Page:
EXTRAS

REVIEWS AND EVALUATIONS OF IN DEFENSE OF DOLPHINS

Review: Journal of Animal Ethics 2012, 2 (1): 105-6.

Review: Aquatic Mammals 2008, 34(2), 257-258.

The Campaign for the American Reader’s “Page 69 test.”

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MATERIAL CUT FROM THE ORIGINAL MANUSCRIPT

The original manuscript of the book was 140,000 words, but the publisher wanted it cut to 80,000. Here’s some of what was taken out.

1. Adapting to life in the oceans. This was originally part of Chapter 2 (“The Anatomy and Physiology of Living in the Water”). As a way of illustrating the logic behind the adaptations ancient cetaceans had to make to live successfully in the oceans, this discussion takes up the question, “If humans had to adapt to living in the oceans, how would our bodies change?”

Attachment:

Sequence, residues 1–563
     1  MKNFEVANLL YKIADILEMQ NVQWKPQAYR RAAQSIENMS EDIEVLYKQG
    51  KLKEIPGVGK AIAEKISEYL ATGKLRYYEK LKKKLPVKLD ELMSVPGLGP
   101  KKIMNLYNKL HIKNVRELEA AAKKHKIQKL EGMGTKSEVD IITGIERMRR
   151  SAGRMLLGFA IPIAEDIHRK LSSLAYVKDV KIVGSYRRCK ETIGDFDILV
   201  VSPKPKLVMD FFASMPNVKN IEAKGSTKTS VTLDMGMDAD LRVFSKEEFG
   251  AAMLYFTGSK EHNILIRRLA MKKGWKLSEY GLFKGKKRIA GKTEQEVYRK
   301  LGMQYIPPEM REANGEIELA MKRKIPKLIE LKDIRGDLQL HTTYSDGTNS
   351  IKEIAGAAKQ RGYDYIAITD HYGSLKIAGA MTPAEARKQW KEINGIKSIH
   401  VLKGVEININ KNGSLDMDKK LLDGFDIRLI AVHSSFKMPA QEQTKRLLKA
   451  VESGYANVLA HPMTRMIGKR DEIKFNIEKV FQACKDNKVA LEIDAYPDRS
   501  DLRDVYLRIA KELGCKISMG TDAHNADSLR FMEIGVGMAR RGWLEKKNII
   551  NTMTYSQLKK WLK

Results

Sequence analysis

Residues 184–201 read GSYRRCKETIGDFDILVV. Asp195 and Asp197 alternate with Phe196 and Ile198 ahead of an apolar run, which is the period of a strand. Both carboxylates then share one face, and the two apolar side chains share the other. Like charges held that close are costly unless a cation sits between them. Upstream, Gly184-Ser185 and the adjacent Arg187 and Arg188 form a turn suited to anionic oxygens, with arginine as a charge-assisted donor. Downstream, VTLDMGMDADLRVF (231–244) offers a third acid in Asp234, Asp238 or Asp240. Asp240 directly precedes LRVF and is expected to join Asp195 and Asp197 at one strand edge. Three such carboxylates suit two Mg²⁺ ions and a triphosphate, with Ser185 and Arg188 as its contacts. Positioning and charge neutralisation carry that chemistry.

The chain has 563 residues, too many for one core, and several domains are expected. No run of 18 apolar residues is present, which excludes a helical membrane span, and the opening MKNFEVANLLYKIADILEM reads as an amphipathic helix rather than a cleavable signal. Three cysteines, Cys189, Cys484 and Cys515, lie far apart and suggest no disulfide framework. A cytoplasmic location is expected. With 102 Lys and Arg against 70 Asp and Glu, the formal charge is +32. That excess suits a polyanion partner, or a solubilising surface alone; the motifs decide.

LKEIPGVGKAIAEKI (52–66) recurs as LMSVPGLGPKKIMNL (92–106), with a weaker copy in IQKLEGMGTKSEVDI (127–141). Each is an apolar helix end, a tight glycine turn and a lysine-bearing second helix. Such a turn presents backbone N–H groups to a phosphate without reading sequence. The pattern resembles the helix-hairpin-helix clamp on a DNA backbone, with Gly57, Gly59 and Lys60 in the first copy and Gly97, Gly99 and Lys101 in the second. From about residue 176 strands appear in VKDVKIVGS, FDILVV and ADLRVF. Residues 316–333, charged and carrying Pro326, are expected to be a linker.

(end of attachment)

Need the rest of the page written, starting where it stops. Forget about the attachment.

2. Science, bias and the brain. The original discussion of the dolphin brain was followed by an extended postscript that looked at unintentional species bias in scientific research on intelligence. This section looks mainly at claims made by reputable nineteenth-century scientists about the inferiority of women and non-Caucasians that were based on supposedly objective brain research. This discussion suggests that a similar unintentional bias has colored contemporary discussions of dolphin intelligence.